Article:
17 January 2018 - Updated 12 April 2019

How to Understand and Train an Aggressive Dog

Dog Aggressive - Behavioural Training

Understanding and Training Aggressive Dogs

When dogs growl and bark, bare their teeth or even bite, human-canine cohabitation is severely put to the test. But why do some dogs turn aggressive and not others? And what can be done to prevent aggressive behaviour?

Are some dog breeds more dangerous than others?

The fact is that no dog was born aggressive. Though some dog breeds do innately possess a greater protective instinct and lower sensitivity threshold than others, hardly any bite without a reason. Dog experts now agree that every dog is capable of learning to behave appropriately – regardless of breed. Pitbulls, Rottweilers and Dobermans are not more dangerous per se than a Golden Retriever or Labrador, for instance. Hence, hereditary factors have much less influence as a cause of aggressive behaviour than the people who train these dogs.

Your dog's behaviour is your responsibility

Consequently, the dog is not responsible for its behaviour, but rather the owner is. Bearing in mind their dog's disposition, they must teach it what they expect and how it should behave when living together with other animals and humans. However, this doesn't mean that you should be consumed by guilt if your dog reacts aggressively. Most dog owners don't act with bad intentions, but rather out of uncertainty, ignorance or mistaken love of animals. Sometimes your dog's aggressive behaviour has absolutely nothing to do with you, but traumatic earlier experiences, for instance, if you rescued your dog from an animal home only when it was of adult age.

Do I need help?

It's important that you recognise the problem and try to do away with your dog's aggression. You must act - at the very latest if your dog has behaved in a dangerous and threatening manner towards other animals or humans or has even bitten them. There are many experts who can support you on this path: dog trainers, animal psychologists or therapists for difficult dogs. Don't be shy about making use of such help. Seeking help is no failure or sign of weakness, but an indication of your courage and strength to accept responsibility for your dog.

First step: recognising causes

In the end, there's something comforting in recognising that a dog's aggressive behaviour is caused by humans: just as insufficient or error-prone training facilitates aggressive behaviour, with the right training you can ensure that your dog does away with this undesirable behaviour and becomes an affable partner. But what should be done differently in the future? To make your ruffian an obedient family dog, you should investigate the causes of its aggression. The better you recognise the reasons for its aggressive behaviour, the better you can avoid it and thereupon adapt interaction with your dog.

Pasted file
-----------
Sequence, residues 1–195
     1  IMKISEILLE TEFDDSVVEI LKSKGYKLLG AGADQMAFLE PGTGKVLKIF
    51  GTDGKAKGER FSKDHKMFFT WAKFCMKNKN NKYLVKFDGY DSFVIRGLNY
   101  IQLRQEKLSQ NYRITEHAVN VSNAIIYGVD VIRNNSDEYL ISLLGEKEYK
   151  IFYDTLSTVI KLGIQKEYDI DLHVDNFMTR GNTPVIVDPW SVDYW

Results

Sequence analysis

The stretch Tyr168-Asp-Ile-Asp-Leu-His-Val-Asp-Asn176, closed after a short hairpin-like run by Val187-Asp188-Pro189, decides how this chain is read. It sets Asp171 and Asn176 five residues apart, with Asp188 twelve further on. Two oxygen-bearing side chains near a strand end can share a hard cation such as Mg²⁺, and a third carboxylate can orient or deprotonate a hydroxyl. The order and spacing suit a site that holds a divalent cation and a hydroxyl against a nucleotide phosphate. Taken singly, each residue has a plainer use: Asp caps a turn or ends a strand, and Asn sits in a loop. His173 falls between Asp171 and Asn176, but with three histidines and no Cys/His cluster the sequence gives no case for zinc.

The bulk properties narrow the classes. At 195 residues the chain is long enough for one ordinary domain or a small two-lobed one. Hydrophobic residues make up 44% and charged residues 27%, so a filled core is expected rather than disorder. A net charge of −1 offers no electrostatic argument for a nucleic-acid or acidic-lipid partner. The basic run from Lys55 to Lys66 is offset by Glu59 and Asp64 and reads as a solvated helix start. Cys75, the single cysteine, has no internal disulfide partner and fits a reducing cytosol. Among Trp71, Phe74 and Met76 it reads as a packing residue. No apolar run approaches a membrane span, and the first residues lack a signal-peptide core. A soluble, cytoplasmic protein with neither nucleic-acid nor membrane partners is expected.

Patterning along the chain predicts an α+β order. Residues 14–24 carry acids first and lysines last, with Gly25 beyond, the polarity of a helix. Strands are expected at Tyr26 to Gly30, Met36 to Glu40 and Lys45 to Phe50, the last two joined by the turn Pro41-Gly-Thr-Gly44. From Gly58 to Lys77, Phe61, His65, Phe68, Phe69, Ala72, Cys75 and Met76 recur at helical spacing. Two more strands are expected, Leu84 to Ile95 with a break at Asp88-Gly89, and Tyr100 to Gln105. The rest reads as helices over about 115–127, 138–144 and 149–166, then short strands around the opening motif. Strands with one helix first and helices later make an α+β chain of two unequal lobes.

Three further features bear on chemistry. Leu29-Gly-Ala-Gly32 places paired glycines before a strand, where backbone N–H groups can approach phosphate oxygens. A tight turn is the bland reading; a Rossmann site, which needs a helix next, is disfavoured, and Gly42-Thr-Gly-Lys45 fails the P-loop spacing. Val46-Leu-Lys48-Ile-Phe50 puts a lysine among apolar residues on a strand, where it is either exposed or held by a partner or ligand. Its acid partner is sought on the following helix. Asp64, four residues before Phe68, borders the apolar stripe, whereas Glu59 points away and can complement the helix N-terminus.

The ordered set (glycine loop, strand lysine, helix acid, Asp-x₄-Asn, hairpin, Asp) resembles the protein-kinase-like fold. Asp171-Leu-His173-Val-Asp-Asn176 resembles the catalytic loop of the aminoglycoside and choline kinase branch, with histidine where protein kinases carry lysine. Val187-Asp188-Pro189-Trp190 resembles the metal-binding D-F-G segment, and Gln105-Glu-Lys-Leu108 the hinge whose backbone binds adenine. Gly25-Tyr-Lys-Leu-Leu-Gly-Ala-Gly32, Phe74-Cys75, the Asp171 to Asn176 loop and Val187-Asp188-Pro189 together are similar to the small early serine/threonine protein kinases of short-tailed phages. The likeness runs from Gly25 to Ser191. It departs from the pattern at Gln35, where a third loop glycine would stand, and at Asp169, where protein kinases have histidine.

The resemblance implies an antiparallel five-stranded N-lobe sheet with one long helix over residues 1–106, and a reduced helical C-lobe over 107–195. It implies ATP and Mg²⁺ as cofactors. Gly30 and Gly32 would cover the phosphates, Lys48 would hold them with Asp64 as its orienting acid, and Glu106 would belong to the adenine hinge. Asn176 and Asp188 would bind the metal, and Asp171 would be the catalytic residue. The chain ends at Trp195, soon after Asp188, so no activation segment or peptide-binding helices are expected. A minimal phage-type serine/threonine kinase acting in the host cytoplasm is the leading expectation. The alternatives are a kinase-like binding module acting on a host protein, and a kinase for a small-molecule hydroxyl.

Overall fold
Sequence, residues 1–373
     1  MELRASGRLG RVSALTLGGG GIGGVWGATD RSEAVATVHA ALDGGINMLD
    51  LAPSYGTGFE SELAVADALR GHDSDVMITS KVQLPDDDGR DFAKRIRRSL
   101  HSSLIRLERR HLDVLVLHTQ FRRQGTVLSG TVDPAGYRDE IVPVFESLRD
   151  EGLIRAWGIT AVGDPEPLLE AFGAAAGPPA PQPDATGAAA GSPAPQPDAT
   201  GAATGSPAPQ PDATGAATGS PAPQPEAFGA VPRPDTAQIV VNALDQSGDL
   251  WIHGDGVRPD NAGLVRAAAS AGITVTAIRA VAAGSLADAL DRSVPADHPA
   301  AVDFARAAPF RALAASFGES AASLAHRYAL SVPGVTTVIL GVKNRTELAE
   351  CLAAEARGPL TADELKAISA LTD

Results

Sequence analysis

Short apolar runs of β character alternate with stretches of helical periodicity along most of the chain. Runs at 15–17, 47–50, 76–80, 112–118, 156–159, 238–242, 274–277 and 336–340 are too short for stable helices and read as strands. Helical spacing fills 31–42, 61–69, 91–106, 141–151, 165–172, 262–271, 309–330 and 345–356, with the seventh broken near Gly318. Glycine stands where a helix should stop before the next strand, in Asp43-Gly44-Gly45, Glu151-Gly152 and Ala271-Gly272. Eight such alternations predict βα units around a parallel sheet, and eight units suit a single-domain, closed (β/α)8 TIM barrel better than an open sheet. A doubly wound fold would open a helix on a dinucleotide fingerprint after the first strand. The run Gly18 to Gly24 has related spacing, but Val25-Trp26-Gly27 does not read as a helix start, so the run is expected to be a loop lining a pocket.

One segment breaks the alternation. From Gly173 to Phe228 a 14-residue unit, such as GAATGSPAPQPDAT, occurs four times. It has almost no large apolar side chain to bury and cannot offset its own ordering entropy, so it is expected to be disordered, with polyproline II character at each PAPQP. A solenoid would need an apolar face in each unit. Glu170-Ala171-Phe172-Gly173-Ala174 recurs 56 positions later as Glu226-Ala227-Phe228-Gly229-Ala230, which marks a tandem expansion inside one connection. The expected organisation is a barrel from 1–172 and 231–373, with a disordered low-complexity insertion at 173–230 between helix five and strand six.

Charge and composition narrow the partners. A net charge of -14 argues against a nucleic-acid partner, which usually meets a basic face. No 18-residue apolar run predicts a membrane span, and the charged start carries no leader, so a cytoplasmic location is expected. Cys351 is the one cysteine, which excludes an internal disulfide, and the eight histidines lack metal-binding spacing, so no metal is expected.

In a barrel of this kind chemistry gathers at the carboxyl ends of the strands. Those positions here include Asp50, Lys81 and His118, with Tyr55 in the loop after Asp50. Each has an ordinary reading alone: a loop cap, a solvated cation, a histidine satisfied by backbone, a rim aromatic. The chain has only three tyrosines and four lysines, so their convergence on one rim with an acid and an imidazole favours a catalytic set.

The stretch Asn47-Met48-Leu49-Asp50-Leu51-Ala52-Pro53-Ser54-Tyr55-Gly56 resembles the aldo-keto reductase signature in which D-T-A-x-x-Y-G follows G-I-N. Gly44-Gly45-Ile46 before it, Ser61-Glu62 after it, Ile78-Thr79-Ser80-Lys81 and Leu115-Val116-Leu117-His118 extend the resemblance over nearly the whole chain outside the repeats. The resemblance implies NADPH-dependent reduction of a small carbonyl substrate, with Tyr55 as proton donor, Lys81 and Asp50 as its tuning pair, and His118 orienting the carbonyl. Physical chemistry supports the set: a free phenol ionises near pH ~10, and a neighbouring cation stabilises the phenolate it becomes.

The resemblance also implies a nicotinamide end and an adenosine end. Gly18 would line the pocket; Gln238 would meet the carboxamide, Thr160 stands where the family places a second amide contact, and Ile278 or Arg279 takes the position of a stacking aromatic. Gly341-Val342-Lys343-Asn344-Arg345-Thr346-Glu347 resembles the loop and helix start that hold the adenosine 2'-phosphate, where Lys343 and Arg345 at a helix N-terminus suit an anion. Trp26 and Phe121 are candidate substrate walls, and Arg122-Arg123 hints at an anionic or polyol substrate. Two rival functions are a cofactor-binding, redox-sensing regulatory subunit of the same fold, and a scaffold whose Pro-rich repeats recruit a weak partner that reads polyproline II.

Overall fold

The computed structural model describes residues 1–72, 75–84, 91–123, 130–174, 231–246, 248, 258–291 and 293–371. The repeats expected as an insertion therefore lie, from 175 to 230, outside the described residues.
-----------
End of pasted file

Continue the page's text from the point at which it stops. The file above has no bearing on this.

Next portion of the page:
Why do dogs become aggressive?

Dogs don't suddenly become aggressive on a whim overnight. Aggression is always provoked by permanent or recurring negative feelings, mainly fear or anger. However, illness-related pain can also wear a dog down and lead to aggressive behaviour. Dogs don't become bite-happy beasts because they are somewhat belligerent or enjoy intimidating and harming humans or other animals. Aggressive dogs are nearly always insecure or feel ill at ease in a certain situation.

Causes and forms of aggression

As previously mentioned, the causes for this uncertainty and inability to behave appropriately to the situation can be found in human interaction with the dog. Being reared in isolation, a lack of socialisation and training and not being kept in species-appropriate conditions are the main reasons for canine aggression. Negative past experiences, traumatic episodes or chronic pain can additionally trigger fear or anger and therewith aggression too.

In reality, however, it's not always as easy to identify the exact causes as it would appear. Hence, it's worth initially observing when a dog reacts aggressively. In what situations does it begin to growl and bare its teeth? Is it nervous when another dog is close by, thinking it must defend its charges and is it scared that someone else could wish to challenge its personal territory? There are different forms of canine aggression depending on the reason, such as:

  • Self-defence: a dog feels ill at ease or restricted faced with another dog.
  • Protective aggression: family members need protecting from enemies.
  • Competitive aggression: for instance, an object such as a toy or food bowl subject to strong attachment needs defending from others or to define or secure their own status in the pack.
aggressive dog - german shepherd

Not least, the learning experience the dog has had up until then regarding its aggressive behaviour plays a decisive role. Was it able to work off its anger or did it receive praise for this from its owner? Naturally very few owners would consciously praise their dog when it growls or even bites, but most owners try to restrain their dog by speaking in a soothing tone (“Everything is OK, stay calm!”) or stroking it to calm it down. However, since dogs can generally only understand their owner's tone rather than the words, they often get the impression that their owner is rewarding them with loving attention when they growl and bark.